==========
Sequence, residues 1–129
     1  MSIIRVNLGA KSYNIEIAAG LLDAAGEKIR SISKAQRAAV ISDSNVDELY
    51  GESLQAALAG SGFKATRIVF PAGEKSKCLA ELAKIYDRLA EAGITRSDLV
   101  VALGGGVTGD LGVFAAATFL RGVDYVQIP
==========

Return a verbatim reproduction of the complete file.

Sequence, residues 1–129
     1  MSIIRVNLGA KSYNIEIAAG LLDAAGEKIR SISKAQRAAV ISDSNVDELY
    51  GESLQAALAG SGFKATRIVF PAGEKSKCLA ELAKIYDRLA EAGITRSDLV
   101  VALGGGVTGD LGVFAAATFL RGVDYVQIP